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March 16, 2007     593 Words

A Cardiologist Reflects on Life, Loss and the Beauty of Good Friday

CINCINNATI—For a heart doctor who is “obsessively verbal,” there is one word he particularly savors: “theophany.” It means the physical manifestation of the Lord’s presence. For some, this might mean a spectacular sunset or a beautiful mountain vista. For others, these moments are more closely linked to anguish.

In his daily grind as a father, husband, son, doctor and a “pilgrim of struggling faith,” he clings to his own theophanous moments, such as watching the human heart stop in a patient who is near death, then sputter, then start again, regular and strong. In those moments, God is present. Theophany is all around him.

Dr. Charles Hattemer, a nationally recognized cardiologist, writes of suffering, death and redemption in the April issue of St. Anthony Messenger, entitled “A Doctor’s Good Friday Reflections.” In this candid meditation, which is a reprint from a reflection he gave last year at Xavier University’s Bellarmine Chapel in Cincinnati, Hattemer writes of the healing that arises from pain, peace that conquers despair and eternal life that ascends from death. After March 21, the article will be posted at: AmericanCatholic.org.

After pondering the beauty and mystery of Good Friday one day on a beach as his young daughter splashed around in the ocean, Dr. Hattemer writes of how suffering is so closely linked to the human condition. “We all have suffered, or will suffer. There are among us the brokenhearted, and those who will be brokenhearted. We know our day will come, the day when our lives are irrevocably changed by death or suffering. Our culture thrives on distracting us from that time, on denying that time, on filling our days with wondrous things that can make us feel that the days of awful sadness will never come,” he muses. But, he asserts, those days of anguish will come.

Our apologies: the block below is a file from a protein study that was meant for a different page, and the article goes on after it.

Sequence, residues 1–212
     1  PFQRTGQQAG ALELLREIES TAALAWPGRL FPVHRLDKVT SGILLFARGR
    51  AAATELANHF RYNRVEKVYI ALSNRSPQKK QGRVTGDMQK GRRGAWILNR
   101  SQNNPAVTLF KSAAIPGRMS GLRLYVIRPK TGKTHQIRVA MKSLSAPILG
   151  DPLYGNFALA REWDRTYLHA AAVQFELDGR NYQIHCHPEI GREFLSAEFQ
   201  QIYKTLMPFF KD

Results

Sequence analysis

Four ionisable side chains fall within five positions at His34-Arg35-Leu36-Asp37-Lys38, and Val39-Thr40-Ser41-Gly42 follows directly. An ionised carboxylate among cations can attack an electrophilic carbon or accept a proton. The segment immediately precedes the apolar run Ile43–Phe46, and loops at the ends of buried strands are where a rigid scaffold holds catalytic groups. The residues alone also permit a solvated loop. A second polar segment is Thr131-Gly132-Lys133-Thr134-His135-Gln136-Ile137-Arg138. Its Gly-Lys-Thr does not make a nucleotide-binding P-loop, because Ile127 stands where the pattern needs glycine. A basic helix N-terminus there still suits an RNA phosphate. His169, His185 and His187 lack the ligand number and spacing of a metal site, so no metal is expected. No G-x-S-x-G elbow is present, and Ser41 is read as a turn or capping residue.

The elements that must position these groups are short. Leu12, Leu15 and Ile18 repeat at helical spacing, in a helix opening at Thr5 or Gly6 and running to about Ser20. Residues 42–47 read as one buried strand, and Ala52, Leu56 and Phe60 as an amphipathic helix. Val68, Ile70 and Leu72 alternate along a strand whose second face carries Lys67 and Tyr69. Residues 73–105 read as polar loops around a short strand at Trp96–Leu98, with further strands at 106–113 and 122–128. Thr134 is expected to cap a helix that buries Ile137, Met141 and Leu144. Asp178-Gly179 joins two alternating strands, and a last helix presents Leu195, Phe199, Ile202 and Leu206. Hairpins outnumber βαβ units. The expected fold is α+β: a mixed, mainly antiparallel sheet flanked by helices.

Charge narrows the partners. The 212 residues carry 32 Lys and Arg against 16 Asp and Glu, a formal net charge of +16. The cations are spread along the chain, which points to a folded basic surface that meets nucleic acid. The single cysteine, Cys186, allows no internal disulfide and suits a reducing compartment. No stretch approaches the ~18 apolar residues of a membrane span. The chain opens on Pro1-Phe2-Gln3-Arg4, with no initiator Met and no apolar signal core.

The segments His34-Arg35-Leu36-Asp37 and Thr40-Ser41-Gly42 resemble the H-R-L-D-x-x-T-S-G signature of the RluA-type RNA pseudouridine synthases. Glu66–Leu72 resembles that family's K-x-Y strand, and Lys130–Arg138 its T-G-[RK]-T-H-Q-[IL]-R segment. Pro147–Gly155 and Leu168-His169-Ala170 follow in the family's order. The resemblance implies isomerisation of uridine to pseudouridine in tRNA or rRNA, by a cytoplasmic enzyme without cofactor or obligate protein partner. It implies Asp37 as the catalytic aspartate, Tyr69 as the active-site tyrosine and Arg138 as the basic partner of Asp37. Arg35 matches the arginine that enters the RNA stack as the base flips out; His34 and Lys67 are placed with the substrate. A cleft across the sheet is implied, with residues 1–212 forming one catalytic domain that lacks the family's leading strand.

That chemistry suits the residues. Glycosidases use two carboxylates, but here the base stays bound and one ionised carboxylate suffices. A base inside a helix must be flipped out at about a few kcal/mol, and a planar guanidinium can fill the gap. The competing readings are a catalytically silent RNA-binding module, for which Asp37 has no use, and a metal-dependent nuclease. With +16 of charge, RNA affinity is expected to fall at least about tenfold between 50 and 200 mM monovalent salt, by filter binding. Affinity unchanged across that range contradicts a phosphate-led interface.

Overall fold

As a doctor, Hattemer knows suffering and death better than most. He writes of an older gentleman who has weathered the grief of burying a wife, a young son and grandchildren. He surfs the Internet, volunteers for the needy and visits sick patients in the hospital. “He is my father,” the author writes, “and for me his whole life has been a profound theophany.”

Those moments are more plentiful than Hattemer realized. Once downhearted by the death of a patient, he was eased of his despair by a construction worker in the hospital who expressed deep gratitude because the doctor had treated his grandfather a decade earlier. “Now I am thankful, too,” Hattemer reflects. “Thankful to be part of things, thankful to my new friend who gave me back a bit of life’s meaning.”

Hattemer realizes that suffering, painful as it may be, is a part of life, just as Jesus’ suffering on the cross meant eternal life for us all. “From out of the pain and suffering will come life. We may not always know how, and we cannot always see it happening, but if we trust, if we can muster up even a tiny bit of faith, it will happen.

“We pray that our pain and suffering will transform us into life,” Hattemer continues. “We pray for faith, to find our Lord on the cross, and to find him again on Easter morning, in the full glory of the Resurrection.”

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